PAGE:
SECRETARY POWELL: Yes, I have, regularly. I spoke to Mr. Ivanov most recently, I think, two days ago, perhaps three, and as I think I have said before, I gave him additional information at that time, which he is using with his various ministries to look into the matter and to run it to ground. But I haven't spoken to him in the last two days.
QUESTION: Secretary Powell, your Korean counterpart this morning suggested it may be time for a bold initiative along the lines of the Nixon administration's initiative towards China. Did that come up in your meeting and what are your views on the utility of such a measure?
SECRETARY POWELL: We discussed a number of ideas. My colleague presented us with a roadmap of things that we might do with respect to the situation with North Korea, and I found it to be an interesting approach, which we will be examining. We also talked about other things we might do in preparation for the summit meeting later this spring when President Roh visits.
You will recall that when we started our dialogue with North Korea last year before the nuclear issue broke out into the open, we were thinking in terms of a bold initiative, something that would move this relationship between the nations in the region and North Korea onto a different plane in a way in which we could help North Korea with its economic problems, with problems of starvation and other difficulties they are having within their society.
Those kinds of ideas and options and the kinds of ideas and options that the minister mentioned in the speech this morning are on the table. It seems to me once we deal with the issue of nuclear proliferation, proliferation of weapons, and some of the other activities that are ongoing within North Korea with respect to their military expenditures, I think a lot is out there waiting for North Korea once they realize their obligation to comply with the international agreements and bilateral agreements they have previously entered into with respect to nuclear weapons.
QUESTION: Secretary Powell, regarding Iraq, are you considering to any degree a peaceful solution until now, and are there any contacts from the Arab sides, especially Saudis, regarding a peaceful solution about Iraq?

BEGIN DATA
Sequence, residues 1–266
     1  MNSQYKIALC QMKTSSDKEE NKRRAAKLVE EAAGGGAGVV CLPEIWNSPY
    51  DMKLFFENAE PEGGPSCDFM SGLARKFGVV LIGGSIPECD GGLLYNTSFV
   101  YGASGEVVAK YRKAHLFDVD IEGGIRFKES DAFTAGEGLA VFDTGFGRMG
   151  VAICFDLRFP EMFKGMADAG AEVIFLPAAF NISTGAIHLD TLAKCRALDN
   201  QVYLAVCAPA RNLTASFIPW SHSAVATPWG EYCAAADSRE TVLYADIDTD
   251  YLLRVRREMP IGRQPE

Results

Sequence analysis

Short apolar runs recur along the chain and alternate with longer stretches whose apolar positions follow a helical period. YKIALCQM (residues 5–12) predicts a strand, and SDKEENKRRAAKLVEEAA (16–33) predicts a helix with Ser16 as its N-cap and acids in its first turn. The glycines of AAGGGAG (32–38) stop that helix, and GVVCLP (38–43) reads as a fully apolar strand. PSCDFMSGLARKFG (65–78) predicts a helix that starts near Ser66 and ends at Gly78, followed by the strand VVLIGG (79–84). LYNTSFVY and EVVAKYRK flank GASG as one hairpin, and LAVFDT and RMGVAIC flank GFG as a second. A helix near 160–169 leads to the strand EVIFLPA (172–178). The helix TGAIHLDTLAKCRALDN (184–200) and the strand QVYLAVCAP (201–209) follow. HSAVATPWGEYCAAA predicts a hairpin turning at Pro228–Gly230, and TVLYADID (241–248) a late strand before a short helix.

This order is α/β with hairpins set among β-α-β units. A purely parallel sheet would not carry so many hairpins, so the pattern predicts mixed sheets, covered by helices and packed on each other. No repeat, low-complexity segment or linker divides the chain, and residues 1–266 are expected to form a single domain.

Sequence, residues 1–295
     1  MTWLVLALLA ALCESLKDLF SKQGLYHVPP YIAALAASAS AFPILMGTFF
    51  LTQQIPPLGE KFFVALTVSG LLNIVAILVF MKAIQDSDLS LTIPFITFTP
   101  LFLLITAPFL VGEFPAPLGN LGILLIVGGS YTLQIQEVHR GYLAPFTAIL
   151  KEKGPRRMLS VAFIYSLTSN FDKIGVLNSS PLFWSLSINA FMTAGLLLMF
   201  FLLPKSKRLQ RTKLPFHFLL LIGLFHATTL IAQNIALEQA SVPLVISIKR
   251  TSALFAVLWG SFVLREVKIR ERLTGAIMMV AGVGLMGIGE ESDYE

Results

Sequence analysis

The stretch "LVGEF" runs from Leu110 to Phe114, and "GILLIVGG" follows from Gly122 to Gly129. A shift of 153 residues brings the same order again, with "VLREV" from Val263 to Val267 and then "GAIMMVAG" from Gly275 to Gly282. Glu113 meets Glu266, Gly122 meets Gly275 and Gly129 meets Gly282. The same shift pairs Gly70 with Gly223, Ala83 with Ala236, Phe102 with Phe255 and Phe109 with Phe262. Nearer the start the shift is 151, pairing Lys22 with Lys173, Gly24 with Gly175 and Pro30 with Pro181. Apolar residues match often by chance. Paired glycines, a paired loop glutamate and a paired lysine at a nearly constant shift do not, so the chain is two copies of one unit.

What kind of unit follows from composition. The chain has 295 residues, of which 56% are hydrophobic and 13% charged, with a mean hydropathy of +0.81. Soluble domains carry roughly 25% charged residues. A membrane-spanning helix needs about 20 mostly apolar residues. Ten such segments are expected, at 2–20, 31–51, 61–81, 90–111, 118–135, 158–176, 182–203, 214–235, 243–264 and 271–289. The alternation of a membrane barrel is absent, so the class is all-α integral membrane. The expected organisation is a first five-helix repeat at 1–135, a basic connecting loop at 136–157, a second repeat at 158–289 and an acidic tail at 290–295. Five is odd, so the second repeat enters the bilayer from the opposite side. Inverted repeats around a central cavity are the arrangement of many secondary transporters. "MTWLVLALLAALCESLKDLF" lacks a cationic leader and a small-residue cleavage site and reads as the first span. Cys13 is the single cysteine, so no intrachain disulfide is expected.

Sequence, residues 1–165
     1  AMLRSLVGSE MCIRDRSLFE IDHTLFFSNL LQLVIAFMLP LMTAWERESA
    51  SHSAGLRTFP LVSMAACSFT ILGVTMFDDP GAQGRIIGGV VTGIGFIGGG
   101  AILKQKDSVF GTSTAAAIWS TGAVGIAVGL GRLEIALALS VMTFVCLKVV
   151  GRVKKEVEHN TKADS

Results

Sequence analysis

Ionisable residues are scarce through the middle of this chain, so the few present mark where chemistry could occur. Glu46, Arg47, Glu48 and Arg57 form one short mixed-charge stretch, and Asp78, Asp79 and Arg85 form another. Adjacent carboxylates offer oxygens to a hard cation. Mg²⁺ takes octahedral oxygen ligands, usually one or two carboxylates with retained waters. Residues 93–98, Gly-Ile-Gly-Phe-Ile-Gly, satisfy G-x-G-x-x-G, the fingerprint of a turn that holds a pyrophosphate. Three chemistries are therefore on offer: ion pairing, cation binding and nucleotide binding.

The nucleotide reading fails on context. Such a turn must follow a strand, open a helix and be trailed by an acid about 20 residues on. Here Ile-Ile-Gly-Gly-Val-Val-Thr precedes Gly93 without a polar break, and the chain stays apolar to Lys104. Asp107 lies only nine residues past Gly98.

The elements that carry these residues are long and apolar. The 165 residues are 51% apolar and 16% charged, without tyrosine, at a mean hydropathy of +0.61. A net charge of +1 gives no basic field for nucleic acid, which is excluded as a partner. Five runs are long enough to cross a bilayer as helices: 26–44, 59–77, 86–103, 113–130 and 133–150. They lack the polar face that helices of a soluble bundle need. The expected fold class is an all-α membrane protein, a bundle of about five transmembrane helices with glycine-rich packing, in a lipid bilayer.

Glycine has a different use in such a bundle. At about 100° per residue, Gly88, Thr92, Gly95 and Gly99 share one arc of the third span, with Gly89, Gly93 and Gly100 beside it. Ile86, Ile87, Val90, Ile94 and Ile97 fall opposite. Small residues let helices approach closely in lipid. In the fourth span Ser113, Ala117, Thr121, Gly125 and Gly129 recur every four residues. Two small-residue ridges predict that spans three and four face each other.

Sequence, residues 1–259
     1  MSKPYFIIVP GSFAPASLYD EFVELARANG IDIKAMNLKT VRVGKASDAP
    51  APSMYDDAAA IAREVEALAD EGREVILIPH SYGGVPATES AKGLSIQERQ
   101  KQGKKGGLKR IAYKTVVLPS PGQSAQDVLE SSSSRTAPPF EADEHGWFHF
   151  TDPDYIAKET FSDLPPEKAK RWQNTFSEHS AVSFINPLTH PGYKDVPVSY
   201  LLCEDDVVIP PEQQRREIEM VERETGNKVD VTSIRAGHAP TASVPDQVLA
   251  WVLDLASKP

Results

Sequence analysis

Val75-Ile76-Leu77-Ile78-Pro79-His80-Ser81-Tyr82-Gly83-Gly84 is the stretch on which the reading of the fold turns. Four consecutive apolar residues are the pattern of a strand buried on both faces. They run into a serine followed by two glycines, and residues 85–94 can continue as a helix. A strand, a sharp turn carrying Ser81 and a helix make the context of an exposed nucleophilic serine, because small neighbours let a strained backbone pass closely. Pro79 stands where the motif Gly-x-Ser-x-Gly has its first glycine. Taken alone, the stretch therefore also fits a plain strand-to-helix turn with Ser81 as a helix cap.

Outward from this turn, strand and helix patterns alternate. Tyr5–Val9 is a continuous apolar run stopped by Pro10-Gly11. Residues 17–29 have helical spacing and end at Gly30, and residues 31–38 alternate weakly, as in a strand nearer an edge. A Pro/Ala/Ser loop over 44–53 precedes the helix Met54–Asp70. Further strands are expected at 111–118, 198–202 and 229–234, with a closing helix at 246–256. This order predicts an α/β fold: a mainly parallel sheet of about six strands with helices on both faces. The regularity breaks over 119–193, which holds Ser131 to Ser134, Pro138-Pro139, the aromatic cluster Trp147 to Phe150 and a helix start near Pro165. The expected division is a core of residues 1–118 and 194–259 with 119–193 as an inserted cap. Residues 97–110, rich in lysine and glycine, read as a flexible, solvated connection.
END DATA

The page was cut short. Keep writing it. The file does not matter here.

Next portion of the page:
SECRETARY POWELL: We stay in close touch with our Arab friends in the region. I had a conversation with Foreign Minister Saud a couple of days ago, but I am not aware of any initiative, and I don't think any such initiative would be appropriate at this time.
Saddam Hussein was given his last chance. We now have a war underway and we will prosecute it to its end, and that end will come in due course. Our commanders are confident and we are confident in them. And unfortunately, it was Saddam Hussein who brought this war upon himself and his regime; and he will be removed and so will his regime. QUESTION: You said United States has not made much progress on pressing Asian powers to convene a multilateral forum. Do you think the United States will be eventually successful for that?
SECRETARY POWELL: I didn't say we were not making much progress. You said we were not making much progress.
We are hard at work with our friends in the region, and a number of contacts and discussions are underway and we will see what happens. I don't want to make any predictions or promises that I'm not able to keep at the moment.
QUESTION: Mr. Secretary, are you concerned by reports that Syria is also allowing people to move across its border into Iraq to fight against the coalition forces, and also that it may be not just allowing the Russian equipment in, but perhaps contributing other materiel to the effort?
SECRETARY POWELL: I'm sorry. I haven't seen those reports this morning, so I can't comment on them.
QUESTION: Mr. Secretary, due to the present difficulties, would you like to see the "Powell Doctrine" being implemented in the war in Iraq?
SECRETARY POWELL: I have absolute confidence in the commanders who are running this war. And who says it is not being implemented? If whatever it is you describe it as, it is a clear political objective: disarm that country of its weapons of mass destruction. You have to do that by removal of the regime; you use decisive force to do it; and I can assure you that s what those generals and admirals are over there doing. And I know it. I trained them.
Thank you. [End]
Released on March 28, 2003